Charges of illegally possessing or carrying a firearm have been less every year than in 2009. There were 1,963 such charges in 2009 and 1,216 last year.
National Park Service spokesman Mike Litterst said the service does not have information about rapes and murders readily available and did not provide it to Coburn's office.
Sen. Barbara Boxer, D-Calif., the author of the water projects bill that Coburn sought to amend, argued that Coburn's proposal didn't belong on the legislation.
“This is not a gun bill,” she said. “This is not a place to add these types of amendments … It isn't necessary; it isn't appropriate.”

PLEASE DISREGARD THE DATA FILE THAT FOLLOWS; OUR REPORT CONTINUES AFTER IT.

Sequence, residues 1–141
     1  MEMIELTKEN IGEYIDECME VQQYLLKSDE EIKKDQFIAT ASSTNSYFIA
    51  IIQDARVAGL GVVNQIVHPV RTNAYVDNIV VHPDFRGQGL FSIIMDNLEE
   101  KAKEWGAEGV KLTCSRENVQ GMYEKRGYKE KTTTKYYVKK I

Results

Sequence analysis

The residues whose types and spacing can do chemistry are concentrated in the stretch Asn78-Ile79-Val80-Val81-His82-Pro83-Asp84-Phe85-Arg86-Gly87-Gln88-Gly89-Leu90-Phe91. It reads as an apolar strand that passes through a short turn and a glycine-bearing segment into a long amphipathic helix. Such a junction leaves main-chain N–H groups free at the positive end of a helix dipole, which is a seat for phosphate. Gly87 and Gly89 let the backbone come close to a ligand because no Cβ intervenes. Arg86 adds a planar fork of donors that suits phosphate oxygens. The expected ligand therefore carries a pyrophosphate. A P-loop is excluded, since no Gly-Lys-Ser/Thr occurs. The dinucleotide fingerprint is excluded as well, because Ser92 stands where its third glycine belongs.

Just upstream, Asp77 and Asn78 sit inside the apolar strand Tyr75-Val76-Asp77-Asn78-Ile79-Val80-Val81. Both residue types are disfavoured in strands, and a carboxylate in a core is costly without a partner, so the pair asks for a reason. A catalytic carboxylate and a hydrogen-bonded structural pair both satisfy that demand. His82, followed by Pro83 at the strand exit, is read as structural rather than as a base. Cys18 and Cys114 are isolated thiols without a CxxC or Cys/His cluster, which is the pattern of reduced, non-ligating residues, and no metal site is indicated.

Boxer also complained that Coburn's amendment would allow people to carry weapons at dams and locks and other infrastructure that could be vulnerable to terrorist acts. Coburn said a separate federal law prohibited carrying weapons at such critical structures and that his amendment would not affect that law.
The debate came less than a month after Senate leaders shelved a gun control bill. Coburn, who has been a fierce defender of Second Amendment rights, was heavily criticized in Oklahoma for voting to advance that bill past a procedural hurdle so it could be debated. Coburn later voted against a bipartisan proposal to expand background checks and others to ban certain weapons and ammunition clips.